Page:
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  • GSD Puppies

    My dad's German Shepherd had puppies Tuesday night. She had 3 by the time I got there and was up to 8 by the time I left. A couple had to have the sacs ripped off because the mom kept going back and cleaning the other puppies. Two of them I had to tie the umbi cord off because they wouldn't stop bleeding. Then 1 I had to rub because mom wasn't cleaning him. She kept licking herself and the other pups. He's one that we had to rip the sac off of. I hate rubbing puppies, it feels like I'm killing it. Got him breathing and crying, so it went well. He's a strong pup too, instantly latched onto my finger and started sucking harder than the other pups. So I put him against one of mom's nipples and he instantly latched on. The other pups kept whining and moving around. Can you guess which pup is gonna be the bully... LOL

    All in all there are 12 puppies. 10 males and 2 females. They are the cutests. They also come from DDR lines. (east German)

    They are about half and half black and tan and sable. One pup is almost completely black. You can just barely see some dark tan (red) markings on his paws. In a couple weeks when the coats lighten up and start to change color we'll see what colors they really are...

    They are so cute... The only reason my dad's dog had puppies is because I've been in control of the entire situation from day one. The owner of the stud is getting first pick of a male and female. She's been breeding for 25 years.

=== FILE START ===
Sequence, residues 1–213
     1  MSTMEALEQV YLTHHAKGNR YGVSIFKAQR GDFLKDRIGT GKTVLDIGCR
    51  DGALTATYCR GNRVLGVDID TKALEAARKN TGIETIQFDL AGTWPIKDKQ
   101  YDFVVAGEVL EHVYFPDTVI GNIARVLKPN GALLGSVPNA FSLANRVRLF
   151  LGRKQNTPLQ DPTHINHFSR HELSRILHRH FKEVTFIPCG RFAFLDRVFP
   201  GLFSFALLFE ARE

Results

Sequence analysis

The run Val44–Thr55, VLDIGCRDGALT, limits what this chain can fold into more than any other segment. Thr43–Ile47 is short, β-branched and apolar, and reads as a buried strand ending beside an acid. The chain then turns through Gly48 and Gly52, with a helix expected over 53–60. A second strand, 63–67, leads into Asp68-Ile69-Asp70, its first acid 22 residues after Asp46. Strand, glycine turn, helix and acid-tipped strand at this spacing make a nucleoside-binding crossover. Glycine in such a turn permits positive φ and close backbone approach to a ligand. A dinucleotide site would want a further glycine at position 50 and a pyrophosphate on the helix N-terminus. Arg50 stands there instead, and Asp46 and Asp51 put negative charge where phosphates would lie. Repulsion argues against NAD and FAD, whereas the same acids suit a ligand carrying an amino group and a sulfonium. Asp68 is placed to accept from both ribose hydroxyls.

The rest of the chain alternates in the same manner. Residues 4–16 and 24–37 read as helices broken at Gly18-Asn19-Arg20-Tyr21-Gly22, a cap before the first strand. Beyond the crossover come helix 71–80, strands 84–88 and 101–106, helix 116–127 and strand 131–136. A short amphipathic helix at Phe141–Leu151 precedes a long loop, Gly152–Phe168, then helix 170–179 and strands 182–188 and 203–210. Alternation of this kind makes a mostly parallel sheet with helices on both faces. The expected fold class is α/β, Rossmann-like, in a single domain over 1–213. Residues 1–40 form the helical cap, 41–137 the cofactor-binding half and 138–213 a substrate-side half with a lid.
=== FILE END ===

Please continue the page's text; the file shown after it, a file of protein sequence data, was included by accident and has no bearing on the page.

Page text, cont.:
kanaskennels.com

    Dagger is the stud. Maya is the dam. There is a page for Maya. If the site doesn't let anyone (who ever is interested) then at the top in the address bar change the page # to 5. It's not the best picture. Dagger is a certified medical alert dog, he's a champion show dog, he has certified in CGC, he's OFA excellent. He's a certified attack dog (for the police) and a certified working dog. Or something like that.
    Becky

  • #2
    Wow! So cool! Enjoy the puppies now! I know I could never breed dogs, because I wouldn't be able to give them up, lol!
    Scratch a dog and you'll find a permanent job. ~Franklin P. Jones

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    • #3
      Raggs, I want a GSD puppy sooo bad!!!!

      My family is all in agreement. We've had Keeshonds for years which of course I still love very much. My brother always had Sheps and they were exceptional dogs. For whatever reason I can't seem to decide if I want a male or female. Can you shed some light on pros/cons to one gender or the other in the GSD breed if you think it even matters?